November 16, 2014

  • It’s the middle of November which means you might be tired of your summer jams. Don’t worry, there is so much good stuff to listen to! Bitch’s new music roundup is a great place to start, Azelia Banks’s new album rules, I can’t stop listening to this Jessica Pratt song, we are all loving Lowell’s We Loved Her Dearly, Sleater-Kinney’s new release is promising, Flying Lotus and Kendrick Lamar’s video is incredible, and Pitchfork’s roundup of the  best all-female posse cuts of the last 25 years gives you plenty to dig into.

Now let’s get started

  • Over the past few weeks, it’s been repeatedly proven that some stories are like passwords. Former member of parliament and deputy prime minister of Canada Sheila Copps, who initially defended Ghomeshi when word got out of his firing, acknowledged the fact that she was duped but then also shared that she was both assaulted as an MPP and raped. Read her story here (TW for discussion of sexual assault).
  • As winter approaches, Toronto is facing a shelter crisis. Hundreds of people are turned away from shelters every night. And while the city promised to open a new 24 hour drop-in space for women over a year ago, this process has been bureaucratically stalled and effectively ignored. In a city where the number of street homeless people has gone up by at least 24 percent since 2009, the largest increase has been seen within violence against women centres. Please sign this open letter to mayor elect John Tory, urging him to address this devastating crisis.
  • At least thirteen women are dead due to contaminated medicines used for 83 sterilization procedures performed at a government-run camp in Chhattisgarh, India. The women were paid 600 rupees apiece or almost $10 as part recent sterilization drive. Nearly 4 million people (predominantly women) undergo sterilization in India every year, under similarly dangerous conditions, as part of what’s been identified as a deeply flawed population control campaign. Read more about India’s reproductive health policies and state-enforced discriminatory practices here.
  • In the maritimes, New Brunswickers are still fighting for safe and accessible reproductive and sexual health care. This week, in response to the accusation that the province’s health line has only been providing anti-choice resources to women needing abortions, the Department of Health will now include pro-choice organization Reproductive Justice New Brunswick as another referral point. Nothing’s been said about the health line providing pro-choice resources themselves, however. Read Minister Boudreau’s letter.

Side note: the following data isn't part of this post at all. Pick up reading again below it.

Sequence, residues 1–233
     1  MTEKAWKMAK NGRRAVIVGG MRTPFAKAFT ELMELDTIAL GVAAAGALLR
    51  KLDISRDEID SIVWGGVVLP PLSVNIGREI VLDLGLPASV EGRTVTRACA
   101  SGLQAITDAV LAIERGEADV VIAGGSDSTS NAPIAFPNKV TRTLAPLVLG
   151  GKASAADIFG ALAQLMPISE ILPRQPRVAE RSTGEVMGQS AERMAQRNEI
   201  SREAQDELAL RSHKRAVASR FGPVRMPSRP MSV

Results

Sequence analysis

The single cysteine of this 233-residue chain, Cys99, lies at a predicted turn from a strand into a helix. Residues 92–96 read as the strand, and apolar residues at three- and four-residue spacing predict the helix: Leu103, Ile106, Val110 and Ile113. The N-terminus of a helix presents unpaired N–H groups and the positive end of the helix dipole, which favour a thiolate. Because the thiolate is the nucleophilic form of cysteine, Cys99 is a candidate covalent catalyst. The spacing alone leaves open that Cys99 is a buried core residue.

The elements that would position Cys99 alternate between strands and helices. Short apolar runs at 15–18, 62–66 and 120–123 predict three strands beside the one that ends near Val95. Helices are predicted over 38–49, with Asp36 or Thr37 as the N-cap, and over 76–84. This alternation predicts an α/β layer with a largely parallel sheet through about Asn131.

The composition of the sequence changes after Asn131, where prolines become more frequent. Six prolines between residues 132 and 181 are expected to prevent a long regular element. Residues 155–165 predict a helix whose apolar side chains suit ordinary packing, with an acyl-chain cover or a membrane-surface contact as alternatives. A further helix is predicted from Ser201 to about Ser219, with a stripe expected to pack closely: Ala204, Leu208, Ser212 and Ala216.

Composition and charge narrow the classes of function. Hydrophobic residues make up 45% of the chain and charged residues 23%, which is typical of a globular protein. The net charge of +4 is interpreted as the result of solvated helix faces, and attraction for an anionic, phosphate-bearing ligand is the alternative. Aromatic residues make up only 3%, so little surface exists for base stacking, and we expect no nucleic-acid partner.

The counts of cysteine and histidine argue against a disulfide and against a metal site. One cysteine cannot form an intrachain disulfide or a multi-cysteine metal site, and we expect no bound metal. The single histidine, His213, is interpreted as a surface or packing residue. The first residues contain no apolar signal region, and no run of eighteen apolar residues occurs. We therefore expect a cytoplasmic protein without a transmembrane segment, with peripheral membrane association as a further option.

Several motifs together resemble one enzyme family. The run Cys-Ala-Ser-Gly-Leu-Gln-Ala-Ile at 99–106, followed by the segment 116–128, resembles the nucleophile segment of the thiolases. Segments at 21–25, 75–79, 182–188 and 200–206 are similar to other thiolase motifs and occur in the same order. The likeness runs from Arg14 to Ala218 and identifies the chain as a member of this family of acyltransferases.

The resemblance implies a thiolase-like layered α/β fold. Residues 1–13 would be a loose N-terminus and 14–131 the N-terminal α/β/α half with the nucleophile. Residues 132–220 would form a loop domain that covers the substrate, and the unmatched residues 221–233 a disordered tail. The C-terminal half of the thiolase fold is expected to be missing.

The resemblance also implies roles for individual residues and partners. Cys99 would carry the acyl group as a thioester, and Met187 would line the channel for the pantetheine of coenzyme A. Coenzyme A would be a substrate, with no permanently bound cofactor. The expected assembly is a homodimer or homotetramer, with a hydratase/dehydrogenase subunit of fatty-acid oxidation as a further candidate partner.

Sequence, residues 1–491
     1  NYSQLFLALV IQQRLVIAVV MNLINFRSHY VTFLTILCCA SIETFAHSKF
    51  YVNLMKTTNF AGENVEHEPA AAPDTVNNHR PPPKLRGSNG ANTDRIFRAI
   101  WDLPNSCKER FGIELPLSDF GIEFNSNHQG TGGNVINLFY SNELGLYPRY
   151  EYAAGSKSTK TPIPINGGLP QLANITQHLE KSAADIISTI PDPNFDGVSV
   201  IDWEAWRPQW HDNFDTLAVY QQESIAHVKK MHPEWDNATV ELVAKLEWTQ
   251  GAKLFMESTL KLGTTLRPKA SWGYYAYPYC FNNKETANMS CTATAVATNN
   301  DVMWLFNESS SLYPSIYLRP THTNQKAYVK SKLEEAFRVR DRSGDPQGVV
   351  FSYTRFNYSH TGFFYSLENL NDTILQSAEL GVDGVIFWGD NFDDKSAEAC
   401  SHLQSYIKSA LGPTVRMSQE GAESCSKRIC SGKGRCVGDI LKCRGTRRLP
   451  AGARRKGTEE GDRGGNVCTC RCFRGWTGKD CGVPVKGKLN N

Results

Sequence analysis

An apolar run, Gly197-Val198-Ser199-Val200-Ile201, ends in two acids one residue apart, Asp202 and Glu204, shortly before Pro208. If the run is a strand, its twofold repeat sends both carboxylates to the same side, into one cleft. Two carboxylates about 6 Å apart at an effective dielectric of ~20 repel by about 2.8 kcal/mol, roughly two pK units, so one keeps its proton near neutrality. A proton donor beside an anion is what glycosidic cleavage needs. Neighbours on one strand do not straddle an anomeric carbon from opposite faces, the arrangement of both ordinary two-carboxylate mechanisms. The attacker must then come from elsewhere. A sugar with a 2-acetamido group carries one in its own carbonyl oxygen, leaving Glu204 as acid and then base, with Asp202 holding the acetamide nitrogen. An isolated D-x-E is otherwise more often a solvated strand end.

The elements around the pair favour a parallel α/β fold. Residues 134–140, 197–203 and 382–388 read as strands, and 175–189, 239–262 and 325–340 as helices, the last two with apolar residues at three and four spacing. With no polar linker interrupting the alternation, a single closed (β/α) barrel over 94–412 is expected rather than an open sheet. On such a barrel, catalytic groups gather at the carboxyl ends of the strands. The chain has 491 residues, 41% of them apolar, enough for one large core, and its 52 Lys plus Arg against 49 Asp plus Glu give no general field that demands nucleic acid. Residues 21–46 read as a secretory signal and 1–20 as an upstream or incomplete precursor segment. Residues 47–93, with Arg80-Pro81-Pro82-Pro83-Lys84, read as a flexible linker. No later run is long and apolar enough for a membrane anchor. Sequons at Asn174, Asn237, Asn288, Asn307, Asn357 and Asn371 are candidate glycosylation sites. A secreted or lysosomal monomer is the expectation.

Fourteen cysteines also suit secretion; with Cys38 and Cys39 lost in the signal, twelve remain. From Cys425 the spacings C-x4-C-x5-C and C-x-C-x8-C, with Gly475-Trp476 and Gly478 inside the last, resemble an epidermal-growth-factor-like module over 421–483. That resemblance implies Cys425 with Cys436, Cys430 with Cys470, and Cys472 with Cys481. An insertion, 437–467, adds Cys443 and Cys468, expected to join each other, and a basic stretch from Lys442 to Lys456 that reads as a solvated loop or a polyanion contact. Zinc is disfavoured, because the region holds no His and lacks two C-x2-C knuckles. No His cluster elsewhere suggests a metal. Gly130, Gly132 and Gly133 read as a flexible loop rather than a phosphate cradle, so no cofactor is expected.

• Watch Audra Smith talk about the disappearance of Indigenous women and the gender of settler sovereignty.
  • Canadian Centre for Policy Alternatives’ new study that examines the median unsubsidized childcare fees in twenty-two Canadian cities. The results aren’t great: data shows that in some of Ontario’s biggest cities, “childcare fees are worth 36% of a woman’s income, the equivalent of four months’ work.”
  • In New Inquiry’s California issue, Shawn Wen takes a look at Amazon’s mechanical turk workforce, or the people who do all the tasks that computers can’t do like scanning pages or transcribing audio. The big reveal? This invisible workforce of casual, temporary, and underpaid labourers, or what Jeff Bezos calls “artificial artificial intelligence,” are predominantly women. The whole piece is great, but this part is particularly illuminating (infuriating):

How shocking: the low prestige, invisible, poorly paid jobs on the internet are filled by women. Women provide the behind the scenes labor that is mystified as the work of computers, unglamorous work transformed into apparent algorithmic perfection.

People say “we need to have this conversation.” A lot of the conversations go a particular direction, a narrow road posing as the most sensible road. You have the same conversation a lot. Sometimes the people you have that conversation with do the shitty things you had the conversation about. You start to believe the conversation is a trap, a closed loop…Sometimes you find the people who know how the conversation happens, the mechanisms of the conversation, who know your boredom, your rage, and want to get together. This togetherness has its own possible failures. Attending to these failures will mean trying to theorize and live and spark, from glazy places.


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